Just like the floppy disk during its heydays, the USB drive, commonly called the thumb drive or flash disk, is the preferred removable storage media due to its portability and data storage capacity. However, its popularity may prove to be useful for attackers as a propagation vector for malware and as a tool for breaching…Read More
Early last month a new vulnerability was found in how TLS 1.2 was implemented. Researchers from the French Institute for Research in Computer Science and Automation (INRIA) called this new attack SLOTH (Security Losses from Obsolete and Truncated Transcript Hashes). An attacker with man-in-the-middle capabilities could use SLOTH to attack encrypted traffic in the following ways: decrypt…Read More
A total of 6.1 million devices – smart phones, routers, smart TVs – are currently at risk to remote code execution attacks due to vulnerabilities that have been fixed since 2012.
The vulnerability exists in the Portable SDK for UPnP™ Devices, also called libupnp. This particular library is used to implement media playback (DLNA) or NAT traversal (UPnP IGD). Apps on a smartphone can use these features to play media files or connect to other devices within a user’s home network.Read More
In late September I published my research paper titled Follow the Data: Dissecting Data Breaches and Debunking the Myths that delved deep into the causes behind data breaches. The goal of the paper was to provide a thorough analysis of data breaches so businesses and organizations could better understand the problem and learn how to defend…Read More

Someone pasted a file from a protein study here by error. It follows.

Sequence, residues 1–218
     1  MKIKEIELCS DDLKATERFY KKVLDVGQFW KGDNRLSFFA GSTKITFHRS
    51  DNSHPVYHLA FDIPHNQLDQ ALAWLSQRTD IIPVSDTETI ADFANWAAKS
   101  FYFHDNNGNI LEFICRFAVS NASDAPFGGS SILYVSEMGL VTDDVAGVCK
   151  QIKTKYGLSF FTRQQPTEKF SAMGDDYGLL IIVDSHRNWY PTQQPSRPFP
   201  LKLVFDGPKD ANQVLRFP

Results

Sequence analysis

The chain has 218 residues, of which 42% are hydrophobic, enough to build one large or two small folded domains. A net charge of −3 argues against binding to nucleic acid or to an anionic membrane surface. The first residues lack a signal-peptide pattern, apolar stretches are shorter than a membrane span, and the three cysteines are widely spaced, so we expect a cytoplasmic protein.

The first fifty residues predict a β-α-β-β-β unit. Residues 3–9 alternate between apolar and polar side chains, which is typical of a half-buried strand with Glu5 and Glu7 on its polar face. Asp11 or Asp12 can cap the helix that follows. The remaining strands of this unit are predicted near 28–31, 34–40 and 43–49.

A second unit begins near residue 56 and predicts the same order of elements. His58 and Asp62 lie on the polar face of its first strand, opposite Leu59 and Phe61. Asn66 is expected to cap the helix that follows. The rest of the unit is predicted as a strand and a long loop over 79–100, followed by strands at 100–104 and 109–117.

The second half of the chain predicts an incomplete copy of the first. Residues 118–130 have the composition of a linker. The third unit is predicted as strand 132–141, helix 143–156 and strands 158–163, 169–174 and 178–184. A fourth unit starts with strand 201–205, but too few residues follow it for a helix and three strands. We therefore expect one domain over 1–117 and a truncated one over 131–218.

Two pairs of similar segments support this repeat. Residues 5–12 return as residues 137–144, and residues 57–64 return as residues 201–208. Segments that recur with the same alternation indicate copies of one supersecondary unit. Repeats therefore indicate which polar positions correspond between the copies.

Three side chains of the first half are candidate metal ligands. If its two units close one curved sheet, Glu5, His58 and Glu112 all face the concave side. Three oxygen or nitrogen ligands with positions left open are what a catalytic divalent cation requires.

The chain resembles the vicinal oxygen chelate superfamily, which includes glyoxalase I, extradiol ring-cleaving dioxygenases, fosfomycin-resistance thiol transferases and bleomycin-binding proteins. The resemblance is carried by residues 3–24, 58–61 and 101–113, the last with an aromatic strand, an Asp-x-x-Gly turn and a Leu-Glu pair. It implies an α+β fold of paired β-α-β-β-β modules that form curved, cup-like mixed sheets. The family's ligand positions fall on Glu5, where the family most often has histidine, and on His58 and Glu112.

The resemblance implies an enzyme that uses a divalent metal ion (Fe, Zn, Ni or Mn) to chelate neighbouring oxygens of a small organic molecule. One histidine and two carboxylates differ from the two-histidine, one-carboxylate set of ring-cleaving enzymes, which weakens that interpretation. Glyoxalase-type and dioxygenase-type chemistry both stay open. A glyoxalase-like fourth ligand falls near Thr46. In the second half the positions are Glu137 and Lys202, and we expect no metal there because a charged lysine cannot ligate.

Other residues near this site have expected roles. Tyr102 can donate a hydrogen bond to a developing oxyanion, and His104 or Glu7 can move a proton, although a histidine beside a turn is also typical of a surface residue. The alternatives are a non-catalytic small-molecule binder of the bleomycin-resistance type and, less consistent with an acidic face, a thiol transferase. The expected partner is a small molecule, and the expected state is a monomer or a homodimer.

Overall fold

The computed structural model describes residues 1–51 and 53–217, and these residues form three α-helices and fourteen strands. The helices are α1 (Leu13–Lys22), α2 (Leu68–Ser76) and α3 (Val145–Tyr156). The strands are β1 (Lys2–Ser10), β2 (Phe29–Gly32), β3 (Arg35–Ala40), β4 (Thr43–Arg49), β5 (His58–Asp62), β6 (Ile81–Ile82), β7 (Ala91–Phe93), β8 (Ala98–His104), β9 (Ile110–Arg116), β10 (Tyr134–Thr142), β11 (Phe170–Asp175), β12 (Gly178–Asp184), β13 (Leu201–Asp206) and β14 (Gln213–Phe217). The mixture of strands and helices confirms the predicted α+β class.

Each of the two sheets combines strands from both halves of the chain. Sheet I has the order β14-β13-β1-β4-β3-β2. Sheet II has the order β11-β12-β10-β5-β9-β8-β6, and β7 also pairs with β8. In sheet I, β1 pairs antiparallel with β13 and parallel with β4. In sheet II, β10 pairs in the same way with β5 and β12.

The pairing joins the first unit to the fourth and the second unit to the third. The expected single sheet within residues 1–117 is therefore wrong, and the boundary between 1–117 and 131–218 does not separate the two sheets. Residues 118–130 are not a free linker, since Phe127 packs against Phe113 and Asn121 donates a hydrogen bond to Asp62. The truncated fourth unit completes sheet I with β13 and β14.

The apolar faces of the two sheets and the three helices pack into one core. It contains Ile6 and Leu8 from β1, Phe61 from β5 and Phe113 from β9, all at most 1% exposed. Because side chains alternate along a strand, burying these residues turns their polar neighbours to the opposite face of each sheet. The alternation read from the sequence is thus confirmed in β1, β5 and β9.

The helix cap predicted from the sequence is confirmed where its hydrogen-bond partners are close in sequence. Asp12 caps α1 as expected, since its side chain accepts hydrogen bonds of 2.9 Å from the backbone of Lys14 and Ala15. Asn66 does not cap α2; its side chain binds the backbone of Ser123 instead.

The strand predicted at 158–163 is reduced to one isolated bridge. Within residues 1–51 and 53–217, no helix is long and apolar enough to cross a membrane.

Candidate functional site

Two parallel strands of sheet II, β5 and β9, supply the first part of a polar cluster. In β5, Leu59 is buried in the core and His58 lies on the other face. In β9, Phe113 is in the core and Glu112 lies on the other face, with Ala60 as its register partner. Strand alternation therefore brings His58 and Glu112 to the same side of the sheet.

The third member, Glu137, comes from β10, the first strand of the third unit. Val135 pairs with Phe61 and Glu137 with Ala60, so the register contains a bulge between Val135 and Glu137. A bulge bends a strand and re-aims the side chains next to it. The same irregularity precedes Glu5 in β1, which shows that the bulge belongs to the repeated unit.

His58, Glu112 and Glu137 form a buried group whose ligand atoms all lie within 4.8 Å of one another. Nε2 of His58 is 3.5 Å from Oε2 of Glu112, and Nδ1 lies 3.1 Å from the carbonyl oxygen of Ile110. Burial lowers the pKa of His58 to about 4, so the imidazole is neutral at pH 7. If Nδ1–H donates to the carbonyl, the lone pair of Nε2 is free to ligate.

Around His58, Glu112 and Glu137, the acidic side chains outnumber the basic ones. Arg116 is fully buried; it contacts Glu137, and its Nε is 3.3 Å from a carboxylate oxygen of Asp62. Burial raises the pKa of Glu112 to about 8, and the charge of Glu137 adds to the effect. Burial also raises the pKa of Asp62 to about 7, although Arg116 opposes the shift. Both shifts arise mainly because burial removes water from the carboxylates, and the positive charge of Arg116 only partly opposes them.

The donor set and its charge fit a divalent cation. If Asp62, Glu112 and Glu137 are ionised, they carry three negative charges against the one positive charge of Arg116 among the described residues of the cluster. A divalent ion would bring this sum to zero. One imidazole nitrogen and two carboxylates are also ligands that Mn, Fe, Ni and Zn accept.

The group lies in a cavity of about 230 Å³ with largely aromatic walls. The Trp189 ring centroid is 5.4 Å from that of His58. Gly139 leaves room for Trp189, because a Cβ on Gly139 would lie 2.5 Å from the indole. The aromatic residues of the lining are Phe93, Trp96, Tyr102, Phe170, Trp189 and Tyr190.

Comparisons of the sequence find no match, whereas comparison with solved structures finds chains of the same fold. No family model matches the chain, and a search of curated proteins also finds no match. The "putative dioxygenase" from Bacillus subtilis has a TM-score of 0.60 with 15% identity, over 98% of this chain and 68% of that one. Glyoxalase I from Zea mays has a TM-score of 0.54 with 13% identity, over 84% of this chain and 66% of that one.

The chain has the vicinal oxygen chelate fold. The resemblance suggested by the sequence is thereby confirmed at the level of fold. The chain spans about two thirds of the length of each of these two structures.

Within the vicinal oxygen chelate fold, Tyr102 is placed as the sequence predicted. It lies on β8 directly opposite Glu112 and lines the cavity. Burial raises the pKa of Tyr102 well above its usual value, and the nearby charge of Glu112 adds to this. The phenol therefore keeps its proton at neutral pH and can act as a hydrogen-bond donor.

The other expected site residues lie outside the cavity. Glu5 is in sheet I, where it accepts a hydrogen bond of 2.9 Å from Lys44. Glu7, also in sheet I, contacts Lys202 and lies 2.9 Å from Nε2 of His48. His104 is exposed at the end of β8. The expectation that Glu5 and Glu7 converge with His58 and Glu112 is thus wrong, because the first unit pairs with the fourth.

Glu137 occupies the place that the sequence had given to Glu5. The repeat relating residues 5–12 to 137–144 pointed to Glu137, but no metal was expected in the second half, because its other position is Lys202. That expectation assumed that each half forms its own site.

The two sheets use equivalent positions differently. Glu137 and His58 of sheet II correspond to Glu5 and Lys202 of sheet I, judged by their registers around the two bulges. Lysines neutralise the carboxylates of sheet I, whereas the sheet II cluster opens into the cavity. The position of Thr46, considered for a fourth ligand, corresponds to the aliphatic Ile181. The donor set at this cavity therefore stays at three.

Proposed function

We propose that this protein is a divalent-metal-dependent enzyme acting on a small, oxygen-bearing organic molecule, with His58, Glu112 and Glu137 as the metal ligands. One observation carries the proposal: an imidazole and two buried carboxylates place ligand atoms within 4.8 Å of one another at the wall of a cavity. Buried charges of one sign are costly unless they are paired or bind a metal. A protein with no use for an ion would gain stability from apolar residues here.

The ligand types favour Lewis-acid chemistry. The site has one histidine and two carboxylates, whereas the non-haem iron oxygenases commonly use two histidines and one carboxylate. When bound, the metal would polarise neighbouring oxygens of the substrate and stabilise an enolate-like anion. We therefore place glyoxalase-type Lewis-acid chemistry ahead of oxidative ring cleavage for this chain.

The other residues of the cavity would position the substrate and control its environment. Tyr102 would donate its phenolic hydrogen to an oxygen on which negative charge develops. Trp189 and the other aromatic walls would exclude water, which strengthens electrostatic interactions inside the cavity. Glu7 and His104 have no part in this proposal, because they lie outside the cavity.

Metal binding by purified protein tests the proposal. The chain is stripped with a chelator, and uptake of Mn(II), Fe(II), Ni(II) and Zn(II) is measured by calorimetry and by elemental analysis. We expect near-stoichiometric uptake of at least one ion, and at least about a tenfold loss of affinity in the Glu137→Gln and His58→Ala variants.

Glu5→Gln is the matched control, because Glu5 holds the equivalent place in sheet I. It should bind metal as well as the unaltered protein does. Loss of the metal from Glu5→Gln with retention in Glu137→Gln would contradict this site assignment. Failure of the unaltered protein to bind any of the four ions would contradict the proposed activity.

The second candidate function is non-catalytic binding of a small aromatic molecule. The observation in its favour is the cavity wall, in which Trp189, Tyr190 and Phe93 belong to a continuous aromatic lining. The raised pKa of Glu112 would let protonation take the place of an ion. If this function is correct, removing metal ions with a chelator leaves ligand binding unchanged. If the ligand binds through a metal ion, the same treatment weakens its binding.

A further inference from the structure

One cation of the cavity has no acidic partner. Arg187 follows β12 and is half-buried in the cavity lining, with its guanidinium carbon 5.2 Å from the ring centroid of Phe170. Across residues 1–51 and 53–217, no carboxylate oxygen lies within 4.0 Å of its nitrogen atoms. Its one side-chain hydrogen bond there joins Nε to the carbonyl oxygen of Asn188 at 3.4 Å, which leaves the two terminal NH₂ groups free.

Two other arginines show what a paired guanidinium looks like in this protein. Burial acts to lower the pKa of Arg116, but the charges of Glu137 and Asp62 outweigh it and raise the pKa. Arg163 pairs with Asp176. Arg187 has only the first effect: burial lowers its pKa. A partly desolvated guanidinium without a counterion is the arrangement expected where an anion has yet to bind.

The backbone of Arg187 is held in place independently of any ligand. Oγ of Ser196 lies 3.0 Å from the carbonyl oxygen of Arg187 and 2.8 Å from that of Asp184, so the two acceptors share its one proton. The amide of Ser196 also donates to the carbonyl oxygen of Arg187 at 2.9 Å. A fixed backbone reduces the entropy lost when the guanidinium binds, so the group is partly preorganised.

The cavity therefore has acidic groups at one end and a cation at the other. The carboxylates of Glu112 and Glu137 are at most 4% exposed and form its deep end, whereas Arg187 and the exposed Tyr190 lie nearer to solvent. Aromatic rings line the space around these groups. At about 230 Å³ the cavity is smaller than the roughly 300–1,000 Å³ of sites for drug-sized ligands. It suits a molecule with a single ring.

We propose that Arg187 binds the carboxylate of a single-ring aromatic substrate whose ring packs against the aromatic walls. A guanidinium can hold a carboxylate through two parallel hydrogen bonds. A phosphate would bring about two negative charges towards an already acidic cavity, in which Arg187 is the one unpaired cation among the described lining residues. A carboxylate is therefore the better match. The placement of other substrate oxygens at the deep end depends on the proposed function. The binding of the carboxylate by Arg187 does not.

Whenever people think of APTs and targeted attacks, people ask: who did it? What did they want? While those questions may well be of some interest, we think it is much more important to ask: what information about the attacker can help organizations protect themselves better?
Let’s look at things from the perspective of a network administrator trying to defend their organization. If someone wants to determine who was behind an attack on their organization, maybe the first thing they’ll do use IP address locations to try and determine the location of an attacker. However, say an attack was traced to a web server in Korea. What’s not to say that whoever was responsible for the attack also compromised that server? What makes you think that site’s owner will cooperate with your investigation?Read More